Graduate studies at Western
Religious Studies 43 (4):457-464 (2007)
|Abstract||Elsewhere I have contended that if a God-centred account of meaning in life were true, it would not be because meaning comes from fulfilling God’s purpose for us. Specifically, I have argued that this ‘purpose theory’ of life’s meaning cannot be the correct God-based view since God would have to be atemporal, immutable, and simple for meaning to logically depend on His existence, and since such a being lacking extension could not be purposive. Jacob Affolter has developed a fresh account of the kind of purpose that is necessary for meaning in life, has argued that a God without extension could ground it, and has also provided some tentative reason to believe that only such a God could do so. I respond in three ways: by questioning whether the sort of purpose Affolter thinks is necessary for meaning in fact is; by arguing that an extensionless God could not ground it; and by indicating the way that a purely physical world could.|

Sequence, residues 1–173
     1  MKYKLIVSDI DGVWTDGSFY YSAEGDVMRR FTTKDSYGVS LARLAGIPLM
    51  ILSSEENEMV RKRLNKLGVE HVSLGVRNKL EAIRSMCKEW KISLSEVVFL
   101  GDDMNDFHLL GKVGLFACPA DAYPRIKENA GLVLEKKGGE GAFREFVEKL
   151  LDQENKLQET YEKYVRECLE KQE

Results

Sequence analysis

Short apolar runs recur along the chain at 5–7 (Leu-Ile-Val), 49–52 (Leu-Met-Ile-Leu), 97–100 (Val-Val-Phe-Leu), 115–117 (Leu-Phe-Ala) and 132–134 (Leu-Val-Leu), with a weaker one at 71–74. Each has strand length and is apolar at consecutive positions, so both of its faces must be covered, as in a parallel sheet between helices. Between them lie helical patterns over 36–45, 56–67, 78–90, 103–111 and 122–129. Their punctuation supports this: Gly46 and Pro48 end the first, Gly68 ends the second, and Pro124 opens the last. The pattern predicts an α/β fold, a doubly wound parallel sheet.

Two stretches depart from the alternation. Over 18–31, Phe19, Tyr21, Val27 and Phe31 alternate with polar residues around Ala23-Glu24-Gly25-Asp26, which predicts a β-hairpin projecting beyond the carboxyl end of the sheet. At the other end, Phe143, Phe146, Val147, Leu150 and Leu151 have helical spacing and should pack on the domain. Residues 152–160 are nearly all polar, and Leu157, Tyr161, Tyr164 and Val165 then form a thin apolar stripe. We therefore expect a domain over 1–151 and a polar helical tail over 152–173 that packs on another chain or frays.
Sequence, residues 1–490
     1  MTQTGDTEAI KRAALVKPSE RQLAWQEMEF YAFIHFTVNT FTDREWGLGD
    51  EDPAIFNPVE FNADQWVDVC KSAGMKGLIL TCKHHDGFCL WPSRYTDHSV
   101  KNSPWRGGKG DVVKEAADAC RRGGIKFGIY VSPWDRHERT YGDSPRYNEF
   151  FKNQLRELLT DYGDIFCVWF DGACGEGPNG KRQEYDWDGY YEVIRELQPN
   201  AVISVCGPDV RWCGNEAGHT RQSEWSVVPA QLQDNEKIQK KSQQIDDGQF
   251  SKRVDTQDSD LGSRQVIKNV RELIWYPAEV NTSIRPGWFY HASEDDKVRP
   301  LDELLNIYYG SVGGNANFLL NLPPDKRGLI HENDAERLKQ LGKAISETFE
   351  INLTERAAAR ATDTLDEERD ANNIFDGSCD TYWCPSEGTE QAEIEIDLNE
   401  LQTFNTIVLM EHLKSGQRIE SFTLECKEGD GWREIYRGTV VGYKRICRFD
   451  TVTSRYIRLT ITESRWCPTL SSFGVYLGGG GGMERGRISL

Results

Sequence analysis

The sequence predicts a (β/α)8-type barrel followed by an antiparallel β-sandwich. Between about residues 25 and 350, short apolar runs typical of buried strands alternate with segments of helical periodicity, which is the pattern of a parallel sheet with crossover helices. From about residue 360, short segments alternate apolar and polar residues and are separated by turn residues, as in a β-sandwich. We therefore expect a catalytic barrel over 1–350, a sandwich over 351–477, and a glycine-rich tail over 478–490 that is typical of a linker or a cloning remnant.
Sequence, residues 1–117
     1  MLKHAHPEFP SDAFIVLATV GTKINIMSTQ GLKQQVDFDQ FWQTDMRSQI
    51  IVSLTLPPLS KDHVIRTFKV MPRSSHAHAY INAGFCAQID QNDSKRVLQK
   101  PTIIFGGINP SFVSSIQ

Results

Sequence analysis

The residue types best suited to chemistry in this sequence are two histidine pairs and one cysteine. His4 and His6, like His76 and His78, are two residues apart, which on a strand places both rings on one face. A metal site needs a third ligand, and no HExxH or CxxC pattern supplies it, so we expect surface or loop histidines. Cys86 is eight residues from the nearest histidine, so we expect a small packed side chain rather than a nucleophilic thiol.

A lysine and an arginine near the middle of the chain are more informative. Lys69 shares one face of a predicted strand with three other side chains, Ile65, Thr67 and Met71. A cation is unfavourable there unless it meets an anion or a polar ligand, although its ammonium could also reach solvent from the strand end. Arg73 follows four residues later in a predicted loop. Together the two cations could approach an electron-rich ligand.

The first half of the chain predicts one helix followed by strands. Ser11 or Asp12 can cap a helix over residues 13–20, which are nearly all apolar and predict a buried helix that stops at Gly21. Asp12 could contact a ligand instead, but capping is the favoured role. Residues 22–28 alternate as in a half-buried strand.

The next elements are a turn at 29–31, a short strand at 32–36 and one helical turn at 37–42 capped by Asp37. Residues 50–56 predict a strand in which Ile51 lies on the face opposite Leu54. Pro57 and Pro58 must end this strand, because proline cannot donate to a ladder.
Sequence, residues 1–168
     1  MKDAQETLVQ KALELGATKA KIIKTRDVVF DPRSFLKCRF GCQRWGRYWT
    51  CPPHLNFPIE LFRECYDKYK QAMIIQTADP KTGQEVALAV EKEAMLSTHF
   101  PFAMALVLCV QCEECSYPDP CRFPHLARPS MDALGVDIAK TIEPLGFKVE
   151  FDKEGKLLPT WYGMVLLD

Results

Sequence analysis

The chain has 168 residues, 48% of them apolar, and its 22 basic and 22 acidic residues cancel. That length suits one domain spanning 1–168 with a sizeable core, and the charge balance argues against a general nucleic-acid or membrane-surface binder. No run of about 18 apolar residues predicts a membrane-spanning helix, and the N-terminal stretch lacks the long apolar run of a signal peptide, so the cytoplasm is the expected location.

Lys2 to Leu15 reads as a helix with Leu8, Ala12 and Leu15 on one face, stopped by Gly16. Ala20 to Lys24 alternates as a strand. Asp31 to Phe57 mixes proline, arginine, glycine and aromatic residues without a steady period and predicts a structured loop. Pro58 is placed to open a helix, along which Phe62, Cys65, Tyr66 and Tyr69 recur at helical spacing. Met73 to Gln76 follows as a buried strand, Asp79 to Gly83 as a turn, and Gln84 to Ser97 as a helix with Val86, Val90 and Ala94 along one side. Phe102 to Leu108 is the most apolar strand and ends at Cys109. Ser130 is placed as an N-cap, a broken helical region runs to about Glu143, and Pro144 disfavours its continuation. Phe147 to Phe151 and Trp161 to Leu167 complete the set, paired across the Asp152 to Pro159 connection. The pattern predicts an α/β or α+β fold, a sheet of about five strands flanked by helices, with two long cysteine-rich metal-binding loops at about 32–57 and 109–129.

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Similar books and articles
E. D. Klemke (ed.) (2000). The Meaning of Life. Oxford University Press.
James Sutherland Thomson (1964). God and His Purpose [the Meaning of Life]. Toronto, United Church Pub. House.
Thaddeus Metz (2003). The Immortality Requirement for Life's Meaning. Ratio 16 (2):161–177.
Thaddeus Metz (2008). God, Morality and the Meaning of Life. In Samantha Vice & Nafsika Athanassoulis (eds.), The Moral Life. Palgrave Macmillan.
Jacob Affolter (2007). Human Nature as God's Purpose. Religious Studies 43 (4):443-455.
Carlo Cellucci, Knowledge and the Meaning of Human Life. naturalism.org.
Thaddeus Metz (2000). Could God's Purpose Be the Source of Life's Meaning? Religious Studies 36 (3):293-313.
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